End­points is dif­fer­ent in that we in­ten­tion­al­ly keep ad­ver­tis­ing space tight. That helps pop the brand ad­ver­tis­ing cam­paigns on our site. It re­duces spon­sor­ship fa­tigue from the read­ers and in­creas­es con­ver­sions. Our chief rev­enue of­fi­cer Mike Peck has built a sales team where re­la­tion­ships mat­ter most. We’re in­ter­est­ed in get­ting more from clients who see ex­cel­lent re­sults with us, not milk­ing every deal for pen­nies. And End­points’ cus­tomer ser­vice, led by our tal­ent­ed COO Shelly Whit­field, is sec­ond-to-none. Her team works to ex­e­cute cam­paigns for 200+ ad­ver­tis­ing clients, and they do great work.

Af­ter five years in busi­ness, we’ve grown to 32 full-time em­ploy­ees with more on the way. 100,000+ in­dus­try pros get our news di­rect­ly in their in­box dai­ly. Dur­ing the pan­dem­ic, our vir­tu­al events at­tract­ed 32,000 at­ten­dees. And yet, End­points’ mis­sion hasn’t changed since day one: In­form and con­nect the bio­phar­ma world with re­lent­less dai­ly re­port­ing.

To all of our cur­rent pre­mi­um sub­scribers who’ve di­rect­ly fund­ed our growth: Thank you. Get­ting to this mile­stone was im­pos­si­ble with­out your sup­port. To every­one who is con­sid­er­ing get­ting one to­day for them­selves or their com­pa­ny: We’ll work hard to con­tin­ue earn­ing your sup­port every day.

Biotech Half­time Re­port: Af­ter a bumpy year, is biotech ready to re­bound?

The biotech sector has come down firmly from the highs of February as negative sentiment takes hold. The sector had a major boost of optimism from the success of the COVID-19 vaccines, making investors keenly aware of the potential of biopharma R&D engines. But from early this year, clinical trial, regulatory and access setbacks have reminded investors of the sector’s inherent risks.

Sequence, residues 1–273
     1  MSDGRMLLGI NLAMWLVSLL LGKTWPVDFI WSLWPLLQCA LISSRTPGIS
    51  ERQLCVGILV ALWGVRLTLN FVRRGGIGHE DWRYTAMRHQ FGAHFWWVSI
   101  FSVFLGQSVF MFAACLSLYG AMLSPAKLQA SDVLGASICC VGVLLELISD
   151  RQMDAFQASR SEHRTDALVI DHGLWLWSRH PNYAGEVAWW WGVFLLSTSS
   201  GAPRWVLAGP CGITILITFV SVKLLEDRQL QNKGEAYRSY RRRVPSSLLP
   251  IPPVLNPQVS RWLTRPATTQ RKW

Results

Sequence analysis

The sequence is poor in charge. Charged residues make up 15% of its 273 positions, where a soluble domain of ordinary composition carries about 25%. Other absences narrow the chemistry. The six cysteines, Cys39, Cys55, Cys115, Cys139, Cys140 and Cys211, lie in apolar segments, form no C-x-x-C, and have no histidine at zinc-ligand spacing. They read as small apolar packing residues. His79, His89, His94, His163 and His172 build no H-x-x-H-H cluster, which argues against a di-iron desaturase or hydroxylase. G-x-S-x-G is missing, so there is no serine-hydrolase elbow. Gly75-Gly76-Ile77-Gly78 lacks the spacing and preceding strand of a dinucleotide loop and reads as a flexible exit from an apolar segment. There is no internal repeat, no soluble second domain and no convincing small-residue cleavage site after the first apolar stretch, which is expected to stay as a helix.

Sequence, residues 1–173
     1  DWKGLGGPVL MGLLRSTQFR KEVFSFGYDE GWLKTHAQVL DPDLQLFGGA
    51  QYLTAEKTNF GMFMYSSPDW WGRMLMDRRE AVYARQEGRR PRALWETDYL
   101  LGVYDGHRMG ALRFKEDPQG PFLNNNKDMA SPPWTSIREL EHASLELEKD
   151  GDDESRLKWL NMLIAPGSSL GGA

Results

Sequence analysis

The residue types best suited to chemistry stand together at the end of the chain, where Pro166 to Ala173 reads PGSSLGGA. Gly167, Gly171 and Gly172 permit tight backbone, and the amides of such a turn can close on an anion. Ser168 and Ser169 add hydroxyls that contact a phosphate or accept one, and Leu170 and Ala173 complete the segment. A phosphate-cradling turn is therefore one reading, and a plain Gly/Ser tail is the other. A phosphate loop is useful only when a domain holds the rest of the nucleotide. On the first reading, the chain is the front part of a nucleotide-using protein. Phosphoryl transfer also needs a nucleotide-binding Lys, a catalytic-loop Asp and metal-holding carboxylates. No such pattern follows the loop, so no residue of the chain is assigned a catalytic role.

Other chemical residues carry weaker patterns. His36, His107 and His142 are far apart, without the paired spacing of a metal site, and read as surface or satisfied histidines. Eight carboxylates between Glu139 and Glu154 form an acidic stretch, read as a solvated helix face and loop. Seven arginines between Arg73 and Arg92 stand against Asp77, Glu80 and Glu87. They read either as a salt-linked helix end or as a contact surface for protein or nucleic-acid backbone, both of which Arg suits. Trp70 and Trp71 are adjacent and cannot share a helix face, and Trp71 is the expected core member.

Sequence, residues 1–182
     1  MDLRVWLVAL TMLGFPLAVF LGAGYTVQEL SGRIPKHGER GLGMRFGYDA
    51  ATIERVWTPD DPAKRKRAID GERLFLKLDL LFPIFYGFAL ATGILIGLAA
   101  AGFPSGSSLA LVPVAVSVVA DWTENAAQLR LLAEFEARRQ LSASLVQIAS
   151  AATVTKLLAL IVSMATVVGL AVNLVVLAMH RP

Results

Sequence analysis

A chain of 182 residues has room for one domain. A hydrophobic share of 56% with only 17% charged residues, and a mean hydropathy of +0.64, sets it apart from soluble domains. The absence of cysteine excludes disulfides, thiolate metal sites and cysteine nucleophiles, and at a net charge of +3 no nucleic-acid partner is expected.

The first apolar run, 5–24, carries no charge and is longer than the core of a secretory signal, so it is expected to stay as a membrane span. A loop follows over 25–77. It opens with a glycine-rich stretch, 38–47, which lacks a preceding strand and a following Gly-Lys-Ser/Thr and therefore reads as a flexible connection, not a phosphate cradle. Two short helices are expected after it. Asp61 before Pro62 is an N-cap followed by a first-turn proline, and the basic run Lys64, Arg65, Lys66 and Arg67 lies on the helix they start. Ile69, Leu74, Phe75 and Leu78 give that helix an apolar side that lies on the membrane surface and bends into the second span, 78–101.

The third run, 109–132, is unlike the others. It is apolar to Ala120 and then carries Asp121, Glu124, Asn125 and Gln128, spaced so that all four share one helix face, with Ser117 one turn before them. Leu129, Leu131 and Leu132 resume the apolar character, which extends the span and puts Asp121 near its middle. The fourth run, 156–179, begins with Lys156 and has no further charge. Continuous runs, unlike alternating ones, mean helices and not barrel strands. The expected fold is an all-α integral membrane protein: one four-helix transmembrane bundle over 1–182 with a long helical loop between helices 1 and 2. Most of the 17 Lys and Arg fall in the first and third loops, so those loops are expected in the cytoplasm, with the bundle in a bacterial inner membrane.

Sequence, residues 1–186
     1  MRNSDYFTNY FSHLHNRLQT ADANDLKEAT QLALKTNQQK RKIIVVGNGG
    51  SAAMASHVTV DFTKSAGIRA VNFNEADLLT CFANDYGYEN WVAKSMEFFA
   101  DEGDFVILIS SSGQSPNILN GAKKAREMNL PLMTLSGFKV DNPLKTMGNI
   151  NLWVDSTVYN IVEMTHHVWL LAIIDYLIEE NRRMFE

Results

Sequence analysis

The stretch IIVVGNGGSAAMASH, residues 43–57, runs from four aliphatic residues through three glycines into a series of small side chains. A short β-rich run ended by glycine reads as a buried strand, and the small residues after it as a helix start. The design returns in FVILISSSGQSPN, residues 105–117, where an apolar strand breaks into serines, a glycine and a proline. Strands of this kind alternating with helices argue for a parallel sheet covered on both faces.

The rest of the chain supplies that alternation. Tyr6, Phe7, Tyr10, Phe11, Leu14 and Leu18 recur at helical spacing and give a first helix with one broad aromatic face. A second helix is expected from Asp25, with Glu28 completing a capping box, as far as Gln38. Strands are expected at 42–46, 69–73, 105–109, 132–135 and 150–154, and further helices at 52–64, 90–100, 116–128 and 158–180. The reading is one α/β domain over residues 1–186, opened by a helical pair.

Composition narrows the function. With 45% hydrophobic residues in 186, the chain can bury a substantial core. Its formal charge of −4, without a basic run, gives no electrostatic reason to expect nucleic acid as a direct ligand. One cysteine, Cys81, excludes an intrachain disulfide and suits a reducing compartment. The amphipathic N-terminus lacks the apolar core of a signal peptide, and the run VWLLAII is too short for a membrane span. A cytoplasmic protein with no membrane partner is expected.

RBC Capital Markets recently surveyed investors to take the temperature of the market, a mix of specialists/generalists and long-only/ long-short investment strategies. Heading into the second half of the year, investors mostly see the sector as undervalued (49%), a large change from the first half of the year when only 20% rated it as undervalued. Around 41% of investors now believe that biotech will underperform the S&P500 in the second half of 2021. Despite that view, 54% plan to maintain their position in the market and 41% still plan to increase their holdings.

David Livingston (Credit: Michael Sazel for CeMM)

Renowned Dana-Far­ber sci­en­tist, men­tor and bio­phar­ma ad­vi­sor David Liv­ingston has died

David Livingston, the Dana-Farber/Harvard Med scientist who helped shine a light on some of the key molecular drivers of breast and ovarian cancer, died unexpectedly last Sunday.

One of the senior leaders at Dana-Farber during his nearly half century of work there, Livingston was credited with shedding light on the genes that regulate cell growth, with insights into inherited BRCA1 and BRCA2 mutations that helped lay the scientific foundation for targeted therapies and earlier detection that have transformed the field.